Between 1805-1821, Katsukawa Shunsen (Katsukawa ShunkōII)and his publisher Izumiya Ichibei issued this woodblock-printed design of the fearless, 12th-century samurai, Satō Tadanobu.  According to the medieval text, The Record of Yoshitsune (J. Gikeiki義経記), Satō Tadanobu enabled his master Minamoto no Yoshitsune to flee from the advancing troops of Yoshitsune’s older brother, Minamoto no Yoritomo. Eventually, Tadanobu finds himself cornered by his enemies. In one legend, Tadanobu fights off his attackers with a game board before committing suicide.
The artist depicts Satō Tadanobu’s tense, muscular frame bristling with hair and energy as he overcomes his opponent. Tadanobu is pictured pinning an assailant down with his right foot, while raising a large wooden game board above his head – eyes bulging with hatred. In the commotion, the game’s black and white counters spill to the ground. The design’s vigorous black lines enclose a restricted palette of natural dyes in shades of green, yellow, red and blue.
The improvised weapon in this scene is a goban used to play Go, a game of strategy often likened to Chess. This iconic showdown inspired the kabuki dramas: Yoshino Shizuka goban Tadanobu (Nakamura Theatre, 1698); Hoshi kabuto goban Tadanobu (Nakamura Theatre, 1728); and Goban Tadanobu yuki no Nachiguro(Nakamura Theatre, 1832).  The legendary figure of Satō Tadanobu is reinvented as the shape-shifting fox spirit, Genkurō in the kabuki classic Yoshitsune senbon zakura. In this drama, the fox assumes the outward appearance of Yoshitsune’s loyal retainer (see object number: 41463).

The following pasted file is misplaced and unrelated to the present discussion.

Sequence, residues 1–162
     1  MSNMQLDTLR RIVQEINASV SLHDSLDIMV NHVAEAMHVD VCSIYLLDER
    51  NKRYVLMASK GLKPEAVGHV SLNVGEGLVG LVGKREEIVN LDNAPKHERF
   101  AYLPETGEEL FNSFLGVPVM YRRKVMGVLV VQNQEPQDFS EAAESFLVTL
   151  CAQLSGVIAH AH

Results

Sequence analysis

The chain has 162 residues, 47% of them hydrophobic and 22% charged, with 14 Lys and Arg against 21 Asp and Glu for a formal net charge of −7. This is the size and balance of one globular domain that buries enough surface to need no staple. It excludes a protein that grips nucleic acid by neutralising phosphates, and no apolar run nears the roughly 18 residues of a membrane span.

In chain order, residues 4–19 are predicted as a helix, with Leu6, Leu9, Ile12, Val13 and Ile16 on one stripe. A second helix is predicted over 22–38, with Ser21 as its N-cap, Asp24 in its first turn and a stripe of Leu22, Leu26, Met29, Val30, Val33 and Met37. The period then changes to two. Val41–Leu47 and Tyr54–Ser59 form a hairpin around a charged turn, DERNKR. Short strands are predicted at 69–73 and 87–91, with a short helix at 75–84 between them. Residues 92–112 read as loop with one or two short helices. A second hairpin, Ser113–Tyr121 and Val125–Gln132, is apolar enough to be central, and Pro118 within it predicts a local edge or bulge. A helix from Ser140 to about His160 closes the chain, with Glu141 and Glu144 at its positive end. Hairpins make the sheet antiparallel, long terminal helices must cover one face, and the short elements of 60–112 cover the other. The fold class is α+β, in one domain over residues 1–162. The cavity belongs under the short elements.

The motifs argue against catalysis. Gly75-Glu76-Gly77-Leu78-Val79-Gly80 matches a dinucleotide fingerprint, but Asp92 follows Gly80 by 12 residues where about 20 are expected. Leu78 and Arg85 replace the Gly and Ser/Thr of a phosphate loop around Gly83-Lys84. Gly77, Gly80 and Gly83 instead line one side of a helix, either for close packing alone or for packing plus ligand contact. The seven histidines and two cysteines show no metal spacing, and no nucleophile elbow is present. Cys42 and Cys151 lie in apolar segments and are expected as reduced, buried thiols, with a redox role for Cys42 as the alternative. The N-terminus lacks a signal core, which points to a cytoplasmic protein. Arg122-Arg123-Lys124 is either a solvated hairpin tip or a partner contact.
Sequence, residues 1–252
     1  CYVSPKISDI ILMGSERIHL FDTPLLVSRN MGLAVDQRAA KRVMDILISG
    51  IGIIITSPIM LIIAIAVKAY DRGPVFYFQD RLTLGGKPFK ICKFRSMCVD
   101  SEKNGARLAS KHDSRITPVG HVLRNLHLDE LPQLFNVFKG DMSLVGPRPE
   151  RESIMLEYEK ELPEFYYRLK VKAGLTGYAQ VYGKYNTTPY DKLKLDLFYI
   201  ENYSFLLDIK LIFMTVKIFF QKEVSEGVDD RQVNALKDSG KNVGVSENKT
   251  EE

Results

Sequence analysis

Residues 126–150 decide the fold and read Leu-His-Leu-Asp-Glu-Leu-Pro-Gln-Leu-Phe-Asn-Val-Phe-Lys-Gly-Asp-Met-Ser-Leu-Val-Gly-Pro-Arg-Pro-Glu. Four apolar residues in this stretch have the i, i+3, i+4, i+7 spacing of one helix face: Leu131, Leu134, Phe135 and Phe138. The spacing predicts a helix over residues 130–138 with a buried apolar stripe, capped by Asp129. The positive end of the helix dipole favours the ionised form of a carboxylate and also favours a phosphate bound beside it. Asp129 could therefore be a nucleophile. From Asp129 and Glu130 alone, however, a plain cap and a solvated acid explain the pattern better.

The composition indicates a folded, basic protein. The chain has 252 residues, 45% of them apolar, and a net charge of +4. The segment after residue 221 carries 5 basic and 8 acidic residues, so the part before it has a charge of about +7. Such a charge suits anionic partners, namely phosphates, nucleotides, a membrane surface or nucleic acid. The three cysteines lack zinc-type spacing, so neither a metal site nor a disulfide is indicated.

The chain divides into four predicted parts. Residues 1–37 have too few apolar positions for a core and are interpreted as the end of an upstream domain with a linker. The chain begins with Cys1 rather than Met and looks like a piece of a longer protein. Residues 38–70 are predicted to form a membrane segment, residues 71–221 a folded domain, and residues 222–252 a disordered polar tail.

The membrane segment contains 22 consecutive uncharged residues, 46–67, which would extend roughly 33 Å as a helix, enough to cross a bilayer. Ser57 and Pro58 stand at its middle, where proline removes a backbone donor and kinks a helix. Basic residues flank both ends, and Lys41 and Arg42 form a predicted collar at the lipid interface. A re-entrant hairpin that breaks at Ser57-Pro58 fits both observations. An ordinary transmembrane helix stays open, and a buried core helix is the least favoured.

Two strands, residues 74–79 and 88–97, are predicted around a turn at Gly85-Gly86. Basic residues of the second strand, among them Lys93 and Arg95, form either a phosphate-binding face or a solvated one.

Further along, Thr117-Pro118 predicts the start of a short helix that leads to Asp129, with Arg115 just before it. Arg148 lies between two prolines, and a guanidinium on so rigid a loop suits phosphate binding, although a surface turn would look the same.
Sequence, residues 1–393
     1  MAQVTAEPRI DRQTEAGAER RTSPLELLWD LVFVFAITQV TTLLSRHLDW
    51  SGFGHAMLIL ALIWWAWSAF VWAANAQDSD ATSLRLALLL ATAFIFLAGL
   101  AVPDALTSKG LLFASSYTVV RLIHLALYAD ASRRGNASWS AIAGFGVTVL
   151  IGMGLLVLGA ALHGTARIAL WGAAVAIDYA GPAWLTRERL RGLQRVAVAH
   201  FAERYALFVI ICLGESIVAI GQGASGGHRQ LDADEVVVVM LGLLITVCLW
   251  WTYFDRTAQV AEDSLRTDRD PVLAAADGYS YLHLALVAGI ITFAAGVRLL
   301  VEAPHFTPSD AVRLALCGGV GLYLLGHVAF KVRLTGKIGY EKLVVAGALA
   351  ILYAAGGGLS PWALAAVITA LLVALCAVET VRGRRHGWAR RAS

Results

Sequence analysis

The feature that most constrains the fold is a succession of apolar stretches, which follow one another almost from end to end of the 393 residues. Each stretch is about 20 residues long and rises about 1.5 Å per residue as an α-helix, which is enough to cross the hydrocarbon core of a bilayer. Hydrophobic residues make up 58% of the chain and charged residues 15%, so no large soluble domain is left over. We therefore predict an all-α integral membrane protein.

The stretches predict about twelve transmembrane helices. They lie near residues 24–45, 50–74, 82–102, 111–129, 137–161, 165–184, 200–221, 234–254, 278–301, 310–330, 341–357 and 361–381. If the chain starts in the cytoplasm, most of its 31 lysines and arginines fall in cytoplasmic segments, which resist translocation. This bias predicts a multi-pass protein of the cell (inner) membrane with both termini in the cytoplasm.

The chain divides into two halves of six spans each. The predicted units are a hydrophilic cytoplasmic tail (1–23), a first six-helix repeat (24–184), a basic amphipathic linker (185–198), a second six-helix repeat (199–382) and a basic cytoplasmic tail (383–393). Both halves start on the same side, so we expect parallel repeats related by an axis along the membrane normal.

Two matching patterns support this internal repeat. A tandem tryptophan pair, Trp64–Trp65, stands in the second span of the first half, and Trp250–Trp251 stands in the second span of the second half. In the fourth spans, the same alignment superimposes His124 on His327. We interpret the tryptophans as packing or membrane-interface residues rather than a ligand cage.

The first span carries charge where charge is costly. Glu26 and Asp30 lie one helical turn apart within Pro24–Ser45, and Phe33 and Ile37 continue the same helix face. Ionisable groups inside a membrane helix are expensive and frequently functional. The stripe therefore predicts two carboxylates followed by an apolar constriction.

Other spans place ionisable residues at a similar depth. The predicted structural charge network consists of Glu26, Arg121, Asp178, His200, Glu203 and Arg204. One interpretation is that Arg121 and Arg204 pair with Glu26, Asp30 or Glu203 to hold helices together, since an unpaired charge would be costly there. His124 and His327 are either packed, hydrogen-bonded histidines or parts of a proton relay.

Vanessa Tothill, May 2020
 The date of the print is based on the years when Katsukawa Shunsen (Katsukawa ShunkōII) was active as a print artist. After 1821 he changed careers and became a decorator of porcelain. See Laurance P. Roberts, A Dictionary of Japanese Artists, (New York: John Weatherhill Inc., 1976).
A single ‘kiwame’ censor’s seal marks the print, informing the viewer that the print was either issued in 1791-1805 or 1815-1842. Andreas Marks, Publishers of Japanese Woodblock Prints: A Compendium (Leiden; Boston: Hotei Publishing, 2011), pp. 470-75.
 Samuel L. Leiter, New Kabuki Encyclopedia: A Revised Adaptation of‘Kabuki Jiten’ (Westport, Connecticut; London: Greenwood Press, 1997), pp. 128-29; Kabuki Playbill (Shibai Banzuke) Database, Art Research Center, Ritsumeikan University. https://www.dh-jac.net/db1/ban/search_portal.php [accessed 29 May 2020]
Samuel L. Leiter, New Kabuki Encyclopedia: A Revised Adaptation of ‘Kabuki Jiten’ (Westport, Connecticut; London: Greenwood Press, 1997)
Andreas Marks, Publishers of Japanese Woodblock Prints: A Compendium (Leiden and Boston: Hotei Publishing, 2011)
Laurance P. Roberts, A Dictionary of Japanese Artists, (New York: John Weatherhill Inc., 1976)
Not on display
Title/Description: Satō Tadanobu
Born: 1806 circa - 1820 circa
Measurements: Image h. 346 x w. 238mm
Inscription: Censor's seal
Accession Number: 41465
Historic Period: Edo period (AD 1600-1868)
School/Style: Katsukawa School